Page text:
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A 3D Exploration of the HTML Canvas Element : Page 3

The HTML Canvas, an element of the upcoming HTML 5 specification, allows you to efficiently draw arbitrary graphics at the primitive or individual pixel level. Find out how to implement a 3D rendering using the HTML Canvas.


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The Two Ways of Creating an HC
Like with most HTML elements, you can create an HC in two ways. The first way is to declare it using markup:

<canvas id="canvas" style="border: solid 1px" width="400" height="400"> </canvas>

If you use this approach, your code will need to call getElementById() to get the canvas object:



var canvas = document.getElementById( "canvas" );

The other way is to create it programmatically using JavaScript:

var canvas = document.createElement( "canvas" ); canvas.style.border = "1px solid"; canvas.width = 400; canvas.height = 400; canvas.style.width = 400; canvas.style.height = 400; document.documentElement.appendChild( canvas );

These two methods produce the same result, so use whichever one is more convenient. The 3D game in this article utilizes the second method.

3D Rendering
Now that you know the basics of drawing with the HTML Canvas, take the 3D rendering game included in the source code download. This article covers only the highlights, because the details are beyond its scope.

The 3D world is composed of a grid. Each element of the grid can be either filled or empty. Rendering this grid means turning walls into 3D polygons, projecting those 3D polygons into 2D, and drawing the 2D polygons to the HC.

To support this, the 3D game in the downloadable source code has classes representing 2D and 3D points called P2 and P3, as well as polygon classes named Polygon2 and Polygon3. The Polygon3.project() method projects the polygon onto the 2D surface, producing a Polygon2. The Polygon2, in turn, can draw itself to the HC using moveTo and lineTo methods.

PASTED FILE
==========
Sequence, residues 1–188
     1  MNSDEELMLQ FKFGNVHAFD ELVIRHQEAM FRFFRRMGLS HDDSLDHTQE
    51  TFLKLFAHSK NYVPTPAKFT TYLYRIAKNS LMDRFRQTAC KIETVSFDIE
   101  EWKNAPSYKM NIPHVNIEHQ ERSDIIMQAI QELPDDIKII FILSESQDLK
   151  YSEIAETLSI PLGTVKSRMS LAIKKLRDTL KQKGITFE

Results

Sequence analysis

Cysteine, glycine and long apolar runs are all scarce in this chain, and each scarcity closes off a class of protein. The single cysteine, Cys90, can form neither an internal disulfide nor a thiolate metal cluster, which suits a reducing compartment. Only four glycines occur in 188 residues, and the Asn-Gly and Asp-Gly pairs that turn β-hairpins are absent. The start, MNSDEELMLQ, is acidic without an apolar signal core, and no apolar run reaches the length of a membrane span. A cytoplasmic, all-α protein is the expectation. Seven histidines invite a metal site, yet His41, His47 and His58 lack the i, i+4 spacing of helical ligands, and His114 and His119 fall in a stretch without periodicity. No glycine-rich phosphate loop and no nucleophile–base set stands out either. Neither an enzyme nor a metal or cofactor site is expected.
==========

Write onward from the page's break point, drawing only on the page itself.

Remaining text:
Since the HC takes care of the heavy lifting—filling polygons—the 3D code is pretty fast, even though it's in JavaScript and not a more traditional graphics language like C.

Transformations
Two-dimensional spatial transformations are crucial to graphics programming. They let you scale, rotate, and translate any drawing by any measure. This works especially well with vector graphics because the transformations don't reduce rendering quality.

Transformations also follow the state machine model, so you should use them with save() and restore(). Here's the code that renders the point-of-view arrow in the map window of the 3D system:

function render_arrow( ctx, x, y, scale, rot ) { // Save the current graphics state, including transformation state. ctx.save(); // Move the arrow into place. ctx.translate( x, y ); ctx.scale( scale, scale ); ctx.rotate( rot ); // Draw the arrow. ctx.strokeStyle = "#aaa"; arrow.fill( ctx ); // Restore the original graphics state ctx.restore(); }



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